Philosophical Transactions, the world’s first and longest-running scientific periodical, began life in 1665. Though always associated with the Royal Society of London in the minds of its readers, it was in fact the initiative and personal property of the Society’s first Secretary, Henry Oldenburg, a native of Bremen, who drew on the office of Secretary, his own prodigious network of natural-philosophical contacts, and his considerable skills as a linguist to produce the material that became the Transactions. The early journal consisted of letter-excerpts, reviews and summaries of recently-published books, and accounts of observations and experiments from European natural philosophers. Though a number of early pieces – mostly of an astronomical and mathematical nature – were printed in Latin, the principal language of the journal was English. After his death Phil Trans passed through the hands of a series of subsequent editors, usually also Secretaries of the Society (some of them, such as Edmond Halley or Hans Sloane, very well-known to the annals of science), and a succession of printers. During this time – up to 1752, when the Royal Society took over financial responsibility for it – the form and content of the journal altered in ways that broadly reflected the priorities of the various editors, and to some extent those of the Society as well.
After the Society’s takeover, the processes of publishing an article in the Phil Trans were gradually formalised. These included norms for submission and evaluation, including systematic peer review by the middle of the 19th Century; as a result the stamp of the individual editor which can often be discerned in the early journal disappears as editorial responsibility was transferred to a Committee of Papers . Despite the emergence of numerous other learned societies and research institutions in Britain in the late 18th and throughout the 19th Century, many of them with avowedly dedicated to a single branch of scientific knowledge (such as the Astronomical Society or the Geological and Chemical Societies) and many of them with their own periodicals, Phil Trans remained a determinedly generalist publication, resisting moves towards greater specialisation until 1887, when the journal finally bowed to the inevitable and split into two series, ‘A’ and ‘B’, for the physical and biological sciences respectively.
The 20th Century saw further changes to the content of the journal, although the link with the Royal Society’s own scientific activity was maintained. The journal, always a drain on the Society’s resources, began to feel more urgently the pressure from the proliferation of scientific journals from commercial and university presses, and the Society’s various deliberations about Phil Trans during this period reflect the delicate balance to be struck between the journal’s (and the Society’s) prestige and its commercial interests, particularly the difficulty of keeping a generalist journal competitive in an increasingly specialist market. The Society’s Committee of Papers was finally abolished in 1990 and responsibility restored to individual editors; a model that prevails to the present. The journal first went online in 1997, and the entire back issue archive to 1887 has been freely available since 2010.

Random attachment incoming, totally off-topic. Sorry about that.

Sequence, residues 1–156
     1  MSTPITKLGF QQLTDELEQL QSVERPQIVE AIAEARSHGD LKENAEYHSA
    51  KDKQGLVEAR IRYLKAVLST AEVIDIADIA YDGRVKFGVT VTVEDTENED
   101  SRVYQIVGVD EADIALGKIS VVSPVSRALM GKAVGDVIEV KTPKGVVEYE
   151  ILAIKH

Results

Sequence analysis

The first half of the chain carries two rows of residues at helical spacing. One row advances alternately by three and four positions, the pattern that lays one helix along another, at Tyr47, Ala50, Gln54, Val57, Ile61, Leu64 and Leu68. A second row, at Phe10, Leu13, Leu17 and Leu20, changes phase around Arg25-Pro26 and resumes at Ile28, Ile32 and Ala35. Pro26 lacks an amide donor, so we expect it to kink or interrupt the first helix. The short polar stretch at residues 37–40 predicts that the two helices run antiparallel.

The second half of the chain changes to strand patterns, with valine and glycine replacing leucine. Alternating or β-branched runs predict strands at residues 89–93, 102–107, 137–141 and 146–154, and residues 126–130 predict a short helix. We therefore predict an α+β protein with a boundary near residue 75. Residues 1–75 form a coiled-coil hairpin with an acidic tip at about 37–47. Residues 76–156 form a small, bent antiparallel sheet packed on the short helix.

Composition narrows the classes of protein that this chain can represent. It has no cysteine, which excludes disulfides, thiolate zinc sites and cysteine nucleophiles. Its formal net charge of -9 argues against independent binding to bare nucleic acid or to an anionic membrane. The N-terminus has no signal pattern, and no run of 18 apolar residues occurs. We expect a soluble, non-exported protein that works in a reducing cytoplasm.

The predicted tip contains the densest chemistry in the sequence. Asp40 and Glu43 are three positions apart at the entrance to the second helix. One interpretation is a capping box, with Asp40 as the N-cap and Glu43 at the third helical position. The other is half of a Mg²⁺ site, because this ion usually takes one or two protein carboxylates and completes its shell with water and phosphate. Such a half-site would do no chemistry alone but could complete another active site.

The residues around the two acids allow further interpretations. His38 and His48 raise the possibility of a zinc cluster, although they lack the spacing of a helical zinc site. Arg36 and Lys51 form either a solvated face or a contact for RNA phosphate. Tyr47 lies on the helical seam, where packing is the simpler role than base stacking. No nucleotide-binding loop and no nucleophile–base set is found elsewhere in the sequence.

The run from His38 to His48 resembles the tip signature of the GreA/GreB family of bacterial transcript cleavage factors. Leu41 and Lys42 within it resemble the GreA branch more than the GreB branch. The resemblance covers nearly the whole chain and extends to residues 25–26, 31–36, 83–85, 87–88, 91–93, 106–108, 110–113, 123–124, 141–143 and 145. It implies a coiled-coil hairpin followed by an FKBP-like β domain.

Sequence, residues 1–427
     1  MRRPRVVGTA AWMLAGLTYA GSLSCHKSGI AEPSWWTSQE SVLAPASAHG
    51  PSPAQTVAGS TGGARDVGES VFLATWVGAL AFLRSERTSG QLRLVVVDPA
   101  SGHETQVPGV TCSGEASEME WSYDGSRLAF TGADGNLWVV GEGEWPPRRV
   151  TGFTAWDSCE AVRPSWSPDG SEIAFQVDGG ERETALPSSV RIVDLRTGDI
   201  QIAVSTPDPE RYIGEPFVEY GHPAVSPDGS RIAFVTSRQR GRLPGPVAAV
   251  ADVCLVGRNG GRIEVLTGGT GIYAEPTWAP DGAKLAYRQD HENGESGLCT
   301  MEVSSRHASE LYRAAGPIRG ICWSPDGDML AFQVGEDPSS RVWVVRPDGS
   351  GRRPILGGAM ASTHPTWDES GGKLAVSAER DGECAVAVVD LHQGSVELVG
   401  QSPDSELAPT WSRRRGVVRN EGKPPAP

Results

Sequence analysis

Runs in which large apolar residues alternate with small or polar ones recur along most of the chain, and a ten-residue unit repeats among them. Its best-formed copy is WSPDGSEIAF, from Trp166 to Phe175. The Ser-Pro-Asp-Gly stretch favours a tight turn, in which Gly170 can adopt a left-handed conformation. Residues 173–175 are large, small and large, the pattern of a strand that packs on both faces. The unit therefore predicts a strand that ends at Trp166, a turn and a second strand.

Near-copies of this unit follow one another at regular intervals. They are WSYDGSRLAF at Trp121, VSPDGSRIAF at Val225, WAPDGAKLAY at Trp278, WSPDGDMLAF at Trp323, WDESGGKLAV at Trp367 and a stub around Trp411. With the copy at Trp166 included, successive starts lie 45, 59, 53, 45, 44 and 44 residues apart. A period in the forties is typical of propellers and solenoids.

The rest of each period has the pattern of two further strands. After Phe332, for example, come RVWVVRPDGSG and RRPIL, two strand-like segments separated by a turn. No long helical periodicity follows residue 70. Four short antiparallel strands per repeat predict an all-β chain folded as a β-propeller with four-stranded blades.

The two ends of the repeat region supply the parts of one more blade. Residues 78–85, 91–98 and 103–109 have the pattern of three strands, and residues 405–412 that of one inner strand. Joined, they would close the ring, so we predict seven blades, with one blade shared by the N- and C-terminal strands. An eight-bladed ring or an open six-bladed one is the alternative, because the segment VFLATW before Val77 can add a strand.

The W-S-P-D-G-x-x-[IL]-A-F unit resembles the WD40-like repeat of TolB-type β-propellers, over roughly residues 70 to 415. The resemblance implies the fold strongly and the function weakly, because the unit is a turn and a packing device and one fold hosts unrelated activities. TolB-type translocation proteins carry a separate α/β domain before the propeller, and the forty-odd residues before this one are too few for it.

During its long life the journal has published papers by many of the great names in the history of science, including Robert Boyle, Robert Hooke, Christiaan Huygens, Isaac Newton, Antoni van Leeuwenhoeck, Gottfried Leibnitz, Edmond Halley, Hans Sloane, Benjamin Franklin, William and Caroline Herschel, Humphry Davy, Michael Faraday, Joseph Priestley, Charles Darwin, Gideon Mantell, JJ Thomson, Lord Kelvin, Ernest Rutherford, Dorothy Hodgkin, and Stephen Hawking; and, according to various accounts, it has given rise to or been instrumental in establishing many of the features of modern scholarly communication, including the peer review process and the scientific article itself. This roll of honour belies the journal’s history in some respects, however; its fortunes fluctuated with those of its editors, with crises in the Royal Society itself (some of which the journal helped precipitate), with changing patterns of scholarly authorship and readership, and, of course, with the vagaries of the print trade. Our project will provide the first comprehensive account of this history, which at the moment consists mostly of vast blanks broken up by the occasional patch of illumination, using the Royal Society’s comprehensive archive to read the journal, not principally as a record of scientific activity but as an index of the social, economic and cultural history and impact of scientific communication.